If you really need to get a test for your kids (and they attend a Carlsbad Unified School district school) you can schedule a test by clicking here. For everyone else, check in with Walgreen’s. They offer free drive through testing if you make an appointment.

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The City of Carlsbad Gives $175,000

by The Editors on May 11, 2020

The Carlsbad City Council has approved increased funding to expand a local homeless shelter and provide increased rental assistance, food service other basic needs for the city’s most vulnerable community members.

At its May 5, 2020 meeting, the City Council approved $58,000 to Catholic Charities, which runs the La Posada de Guadalupe homeless shelter. The money will be used to expedite a planned expansion of the shelter. for all the details, please follow the jump.

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We watched most of the meeting. Keith Blackburn and Mayor Matt Hall are ready to open, while Cori Schumacher and Priya Bhat-Patel pressed for more analysis and maybe a bit more of a plan, since this really is a life or death situation.

Here’s what the city sent out following the meeting:

The Carlsbad City Council voted Saturday to keep its beach, parks and trails closed for now and hold a special City Council meeting May 1 to review plans for a phased reopening. The County of San Diego’s public health order is in effect until May 1.

The specific topics of the May 1 meeting will include city parks and trails as well as the city-owned golf course and the three-quarter of a mile stretch of beach north of Oak Avenue.

The six miles of Carlsbad’s coastline controlled by California State Parks also remain closed, and city officials said they would like to coordinate the opening of all beaches in Carlsbad at the same time.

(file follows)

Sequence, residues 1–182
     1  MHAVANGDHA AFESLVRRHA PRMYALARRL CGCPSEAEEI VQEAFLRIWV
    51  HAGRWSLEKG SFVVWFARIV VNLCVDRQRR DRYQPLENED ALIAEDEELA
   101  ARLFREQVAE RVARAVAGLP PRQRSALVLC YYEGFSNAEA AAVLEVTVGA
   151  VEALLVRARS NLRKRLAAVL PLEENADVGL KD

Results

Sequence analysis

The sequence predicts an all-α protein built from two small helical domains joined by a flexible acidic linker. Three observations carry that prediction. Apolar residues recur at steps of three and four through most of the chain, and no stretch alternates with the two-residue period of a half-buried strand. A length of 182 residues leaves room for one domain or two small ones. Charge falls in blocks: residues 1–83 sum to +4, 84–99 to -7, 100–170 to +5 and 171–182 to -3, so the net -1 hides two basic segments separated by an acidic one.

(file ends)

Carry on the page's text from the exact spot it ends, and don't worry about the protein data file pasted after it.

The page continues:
On Friday, April 24, the County of San Diego announced it would lift the restrictions on going into the ocean starting Monday, but left it up to the cities and State Parks to decide whether to open the beaches. 

County requirements

County public officials have said they will consider allowing parks to reopen for passive activities such as walking, jogging and bicycling once cities complete and submit to the county a protocol template for each park as to how public health protections will be addressed. The same template applies to beaches. Requirements include:

Post signs about maintaining a 6 foot distance from those not in the same household and not entering the park if you have a fever or cough.

Wear face coverings if you are within 6-feet of someone not in your household.

No gathering except for people from the same household.

“Social Distancing and Sanitation Protocol” to be posted at each entry to the park.

Minimum of one employee must be present at each park to monitor compliance.

All employees shall receive temperature screening prior to each shift and shall not be allowed to work if employee’s temperature is 100 degrees or higher.

Break rooms, bathrooms and other common areas shall be disinfected at least every two hours.

At a minimum, close off every other parking space.

Keep playgrounds, community centers and gyms closed.

At a minimum, limit use of courts and fields to members of the same household.

Golf courses and trails

The county also has provided templates for trails and golf courses.

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Yes, We Should Save The Stack

by The Editors on September 9, 2019